Thoughts on Composition and Creativity
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Thoughts on Composition and Creativity by Rod DeGeorge
What makes you listen to an artist or CD over and over again? For me it is strong composition. When a piece of music can take you on a journey, spark a memory or make you feel a certain way, then the listening experience is more meaningful than just being impressed by someone’s technical ability. With that said, I would like to share some of my thoughts regarding composition and creativity.
The first thing I would like to address is developing the tools needed to play what you hear in your head. I suggest learning the basics of music theory, scales, keys, and how to build chords etc. There are many articles and books written on this, so I won’t go into too much detail here. I would like to say however, don’t think of theory as a set of rules that need to be followed. You can play anything you want; if it sounds cool, it is! I personally think of it as a way to identify the things that I hear. Being familiar with the theory behind the music helps me to know where to look, so I can express what I am hearing in my head.
Second, develop your ear. Become familiar with the sound of certain chords and scales. More importantly, take notice of how they feel, or how they make you feel. For example, a Major 7th chord, does it feel soothing? Pretty? A sus2 chord, does it sound “bright”, could it represent an awakening? Take the Phrygian Dominant scale, (5th degree of the Harmonic Minor, starting on E. E F G# A B C D), does it sound exotic, take you to a foreign land? Try to take some of your favorite songs or riffs and break them down to see what makes them sound or feel a certain way. What scale does that riff come from? Does it have a sixteenth note feel, triplet feel? What chords make that verse sound mysterious? Becoming familiar with these things will greatly improve your ability to convey your thoughts and feelings to others.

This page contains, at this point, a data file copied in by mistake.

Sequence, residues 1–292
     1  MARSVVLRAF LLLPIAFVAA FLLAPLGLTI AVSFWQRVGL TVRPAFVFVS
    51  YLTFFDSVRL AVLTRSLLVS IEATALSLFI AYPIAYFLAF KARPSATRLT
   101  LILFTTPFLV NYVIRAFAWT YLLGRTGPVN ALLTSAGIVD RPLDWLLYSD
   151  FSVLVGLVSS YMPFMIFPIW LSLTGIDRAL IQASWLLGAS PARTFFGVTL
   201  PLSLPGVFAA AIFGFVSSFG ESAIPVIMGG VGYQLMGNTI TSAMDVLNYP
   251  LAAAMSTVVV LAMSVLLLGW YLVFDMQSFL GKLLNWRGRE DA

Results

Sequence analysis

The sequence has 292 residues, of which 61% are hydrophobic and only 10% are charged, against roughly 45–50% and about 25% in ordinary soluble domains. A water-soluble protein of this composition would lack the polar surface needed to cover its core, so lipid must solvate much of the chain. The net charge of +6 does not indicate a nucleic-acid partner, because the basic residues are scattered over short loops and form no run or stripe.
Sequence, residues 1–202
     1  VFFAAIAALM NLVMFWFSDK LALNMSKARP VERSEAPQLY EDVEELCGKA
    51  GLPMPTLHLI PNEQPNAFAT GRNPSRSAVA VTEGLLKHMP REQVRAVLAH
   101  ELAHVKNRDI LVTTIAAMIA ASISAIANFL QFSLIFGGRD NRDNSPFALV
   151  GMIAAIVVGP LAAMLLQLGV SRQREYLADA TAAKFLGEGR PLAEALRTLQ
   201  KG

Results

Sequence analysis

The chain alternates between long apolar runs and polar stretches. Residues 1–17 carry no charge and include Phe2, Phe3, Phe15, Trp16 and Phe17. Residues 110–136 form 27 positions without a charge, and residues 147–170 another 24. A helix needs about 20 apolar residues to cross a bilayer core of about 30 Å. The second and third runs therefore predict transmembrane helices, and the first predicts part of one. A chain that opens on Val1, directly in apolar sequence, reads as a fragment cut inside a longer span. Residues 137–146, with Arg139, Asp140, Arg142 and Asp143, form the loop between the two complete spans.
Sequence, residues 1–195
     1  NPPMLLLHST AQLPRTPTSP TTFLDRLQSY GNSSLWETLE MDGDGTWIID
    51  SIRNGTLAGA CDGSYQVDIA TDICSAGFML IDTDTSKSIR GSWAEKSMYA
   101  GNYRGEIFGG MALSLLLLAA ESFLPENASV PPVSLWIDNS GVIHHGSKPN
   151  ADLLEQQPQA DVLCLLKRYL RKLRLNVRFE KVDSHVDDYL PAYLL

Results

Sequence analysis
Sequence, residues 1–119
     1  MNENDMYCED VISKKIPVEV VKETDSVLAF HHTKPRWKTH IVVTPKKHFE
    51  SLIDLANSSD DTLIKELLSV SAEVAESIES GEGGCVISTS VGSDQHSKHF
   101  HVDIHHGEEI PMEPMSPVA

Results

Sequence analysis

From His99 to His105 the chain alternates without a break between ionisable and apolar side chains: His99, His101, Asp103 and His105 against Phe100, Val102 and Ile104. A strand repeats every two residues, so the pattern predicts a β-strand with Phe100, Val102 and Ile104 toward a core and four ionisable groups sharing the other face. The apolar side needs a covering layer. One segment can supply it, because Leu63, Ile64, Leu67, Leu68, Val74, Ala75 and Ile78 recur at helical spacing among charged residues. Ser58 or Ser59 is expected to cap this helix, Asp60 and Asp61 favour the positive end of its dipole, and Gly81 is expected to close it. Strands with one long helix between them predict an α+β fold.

Now, there are probably some of you saying, “yeah, but I don’t hear anything in my head”. This is where the creativity part comes in. To be creative, you must be open. Our minds are full of constant chatter, inner dialog if you will, and with this going on, it is difficult to hear much else. I personally use meditation to try to quiet my mind. Whether you look at it as contacting your muse, subconscious or higher self, it is a way to open up to your own creativity. Don’t expect to go into a trance and wake up with a brilliant piece of music. Not too many of us are that lucky. However, the more you sit in total silence, the more you break down the barrier between your conscious mind and your creative state. You may meditate on something in the morning and the answer may come to you later that day when you are driving, doing the dishes etc.
An exercise that may help, and is fun to do, is to pretend your daily experiences are scenes in a movie and you are the composer scoring these scenes. For example, you see someone “strutting” down the street, can you come up with a riff or groove in your head that will fit what you are witnessing? Or a passing stranger looks at you in a certain way; do you feel calmness, excitement, danger? What chord would express what you feel at that moment? The more you do this, the more comfortable you get with expressing what you experience and feel, through music. If you aren’t really “feeling” it when you write it, you can’t expect it to connect with too many people.
When I have an idea for a song, I try to write as much of it as I can without my guitar in hand. This approach will allow you to create without the physical limitations or practiced routines. I will run the idea through my head whenever I get a chance. If nothing comes to me, I let it go and come back to it later. I try to be open and let the song write itself. Each part has to feel right to me, that’s not to say it will to others, but I feel I work best that way. However, I don’t discount “happy mistakes” with instrument in hand either. You have to be open to any and all possibilities.
There are so many amazing guitarists/musicians out there who are doing very impressive things on their instruments. But, if you listen to them once and say “Wow! They’ve got some chops”, but never really get the urge listen again, then you are not likely to follow their careers too closely. I think composition is what sets our favorite artists apart from all the others that we hear. When a song or melody touches you inside, or takes you to a different place, it will stick with you much longer than someone just flying around on their instrument.
Well, I hope this helps you to look at things in a different light. Stay open and keep moving forward.
"If you liked this article, you may shuck-n-drive to this one too! Inspiration and Composition
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